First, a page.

Visitors stand in front of a logo of YouTube at the YouTube Space Tokyo, operated by Google, in Tokyo, Feb. 14, 2013. (© Shohei Miyano / Reuters)

Online comments have always been — and probably always will be — one of the Web’s thorniest problems. At their best, comments add depth to stories, videos or other pieces of online content. At their worst, they undermine stories, link people to scams, make you question the state of humanity or, well, just want to take a shower.

Google’s YouTube video service, which most people can probably agree has some of the worst comments on the Web, announced Tuesday that it will revamp its comments so that more relevant content will float to the top. That means comments from a video’s creator, well-known personalities, or those involved in active discussion about a video will get featured, as will posts from people in a user’s Google+ circles. Users will be able to comment privately to Google+ friends or publicly, and content creators will also get new tools to auto-moderate comments by blocking certain words or auto-approving certain fans.

None of these tactics are particularly new to trying to get more of the good stuff and less of the bad. Plenty of sites have tried methods ranging from requirements that users register to comment, to set-ups (like YouTube’s or even The Washington Post’s ) that try to separate the comment chaff from the wheat. There are also a variety of systems that try to tie comments to people’s real names, in the hope of improving accountability.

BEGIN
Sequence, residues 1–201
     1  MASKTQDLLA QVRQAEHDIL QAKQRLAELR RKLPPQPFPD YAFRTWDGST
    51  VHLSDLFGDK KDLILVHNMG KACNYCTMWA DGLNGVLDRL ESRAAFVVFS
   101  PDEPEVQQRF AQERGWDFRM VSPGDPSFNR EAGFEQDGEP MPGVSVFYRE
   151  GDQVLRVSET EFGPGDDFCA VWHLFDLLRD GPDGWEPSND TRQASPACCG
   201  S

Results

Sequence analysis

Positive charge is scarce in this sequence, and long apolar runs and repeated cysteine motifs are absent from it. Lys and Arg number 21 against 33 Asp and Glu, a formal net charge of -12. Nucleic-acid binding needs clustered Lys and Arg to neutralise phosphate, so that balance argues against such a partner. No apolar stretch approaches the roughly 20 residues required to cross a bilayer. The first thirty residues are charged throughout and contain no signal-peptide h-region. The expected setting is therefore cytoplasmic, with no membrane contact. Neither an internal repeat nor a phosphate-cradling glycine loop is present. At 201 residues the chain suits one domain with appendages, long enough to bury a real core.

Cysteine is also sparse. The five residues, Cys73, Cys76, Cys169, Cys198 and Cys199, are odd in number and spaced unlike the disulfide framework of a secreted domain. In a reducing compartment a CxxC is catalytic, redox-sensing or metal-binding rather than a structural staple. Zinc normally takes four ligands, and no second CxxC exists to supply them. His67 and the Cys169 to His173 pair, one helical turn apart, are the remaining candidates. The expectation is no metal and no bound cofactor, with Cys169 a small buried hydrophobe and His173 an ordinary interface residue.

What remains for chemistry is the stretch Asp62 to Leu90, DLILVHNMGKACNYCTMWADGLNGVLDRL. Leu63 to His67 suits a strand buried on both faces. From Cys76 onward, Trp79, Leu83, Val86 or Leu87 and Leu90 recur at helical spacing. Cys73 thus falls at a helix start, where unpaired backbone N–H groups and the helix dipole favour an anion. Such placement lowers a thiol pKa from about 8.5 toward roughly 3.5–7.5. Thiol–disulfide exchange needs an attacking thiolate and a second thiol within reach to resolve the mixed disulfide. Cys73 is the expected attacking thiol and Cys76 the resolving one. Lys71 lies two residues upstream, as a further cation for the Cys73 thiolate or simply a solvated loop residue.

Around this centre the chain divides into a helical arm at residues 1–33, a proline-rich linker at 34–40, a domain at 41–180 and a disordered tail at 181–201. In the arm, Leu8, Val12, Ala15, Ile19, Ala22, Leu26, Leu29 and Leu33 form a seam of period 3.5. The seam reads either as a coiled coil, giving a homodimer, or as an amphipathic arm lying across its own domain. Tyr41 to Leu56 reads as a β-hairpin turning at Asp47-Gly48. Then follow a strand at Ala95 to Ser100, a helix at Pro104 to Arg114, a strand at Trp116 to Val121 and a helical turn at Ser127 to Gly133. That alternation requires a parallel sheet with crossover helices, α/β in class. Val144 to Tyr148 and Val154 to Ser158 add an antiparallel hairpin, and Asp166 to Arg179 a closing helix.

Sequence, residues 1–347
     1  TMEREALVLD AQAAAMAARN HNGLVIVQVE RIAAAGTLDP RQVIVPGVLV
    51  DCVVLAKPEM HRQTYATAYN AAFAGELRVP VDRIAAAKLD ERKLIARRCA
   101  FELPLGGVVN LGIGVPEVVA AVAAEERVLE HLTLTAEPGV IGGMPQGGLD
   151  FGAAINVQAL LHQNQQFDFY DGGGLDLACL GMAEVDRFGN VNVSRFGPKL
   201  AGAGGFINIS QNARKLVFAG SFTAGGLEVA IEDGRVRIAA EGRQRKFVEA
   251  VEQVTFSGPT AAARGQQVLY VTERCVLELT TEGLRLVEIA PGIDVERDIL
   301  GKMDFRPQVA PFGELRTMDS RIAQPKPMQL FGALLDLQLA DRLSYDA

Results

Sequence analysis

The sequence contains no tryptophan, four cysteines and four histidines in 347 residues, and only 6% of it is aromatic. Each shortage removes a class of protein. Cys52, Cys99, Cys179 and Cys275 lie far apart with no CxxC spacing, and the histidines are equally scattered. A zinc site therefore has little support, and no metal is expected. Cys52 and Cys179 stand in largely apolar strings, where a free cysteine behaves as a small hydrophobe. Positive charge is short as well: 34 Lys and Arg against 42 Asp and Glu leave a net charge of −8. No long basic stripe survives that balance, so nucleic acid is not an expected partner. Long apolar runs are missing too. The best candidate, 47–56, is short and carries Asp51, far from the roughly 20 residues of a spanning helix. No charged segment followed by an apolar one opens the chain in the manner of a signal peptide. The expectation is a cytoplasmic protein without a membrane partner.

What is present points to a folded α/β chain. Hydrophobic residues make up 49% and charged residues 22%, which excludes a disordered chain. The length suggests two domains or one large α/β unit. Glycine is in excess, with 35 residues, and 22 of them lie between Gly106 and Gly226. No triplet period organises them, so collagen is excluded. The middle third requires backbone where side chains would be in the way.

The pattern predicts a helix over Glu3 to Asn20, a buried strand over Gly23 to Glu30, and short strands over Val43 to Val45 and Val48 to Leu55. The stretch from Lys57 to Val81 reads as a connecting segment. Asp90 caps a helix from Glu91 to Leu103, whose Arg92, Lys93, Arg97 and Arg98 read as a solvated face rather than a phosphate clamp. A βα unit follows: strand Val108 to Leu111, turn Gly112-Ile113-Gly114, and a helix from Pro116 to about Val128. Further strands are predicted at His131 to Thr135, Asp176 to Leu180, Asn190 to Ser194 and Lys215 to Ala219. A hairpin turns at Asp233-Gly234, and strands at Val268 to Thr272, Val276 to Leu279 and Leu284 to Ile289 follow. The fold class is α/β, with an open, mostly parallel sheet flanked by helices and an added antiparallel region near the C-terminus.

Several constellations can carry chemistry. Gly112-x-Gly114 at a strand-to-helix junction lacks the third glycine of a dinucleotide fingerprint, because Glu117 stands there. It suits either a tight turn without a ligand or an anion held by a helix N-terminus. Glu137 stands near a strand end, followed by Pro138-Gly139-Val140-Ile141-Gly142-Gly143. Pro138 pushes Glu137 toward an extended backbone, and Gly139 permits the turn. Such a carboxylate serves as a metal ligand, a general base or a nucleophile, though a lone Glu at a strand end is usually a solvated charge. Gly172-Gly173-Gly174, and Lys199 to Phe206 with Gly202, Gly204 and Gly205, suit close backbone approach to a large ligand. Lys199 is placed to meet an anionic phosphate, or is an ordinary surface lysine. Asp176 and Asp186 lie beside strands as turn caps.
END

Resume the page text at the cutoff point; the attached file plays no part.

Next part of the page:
Google’s approach pulls together a couple of these threads, particularly by integrating its own Google+ service. That underscores the company’s ongoing push to get users to use the same name across all of their Google products — which could lead to more real names — and also attempts to tackle the problem of the most recent comments getting prominent billing regardless of whether they’re relevant to the content or not.

Still, it’s not an easy problem to fix — and some Web sites have stopped trying altogether, opting instead to foster conversation on social media sites.

That’s the approach Popular Science announced Tuesday. The publication said its stories will no longer feature comments, because the comment section had become a platform for exactly the kind of views that it was founded to fight.

“A politically motivated, decades-long war on expertise has eroded the popular consensus on a wide variety of scientifically validated topics. Everything, from evolution to the origins of climate change, is mistakenly up for grabs again,” wrote Suzanne LaBarre, the publication’s online content director.

“Scientific certainty is just another thing for two people to ‘debate’ on television,” she continued. “And because comments sections tend to be a grotesque reflection of the media culture surrounding them, the cynical work of undermining bedrock scientific doctrine is now being done beneath our own stories, within a website devoted to championing science.”

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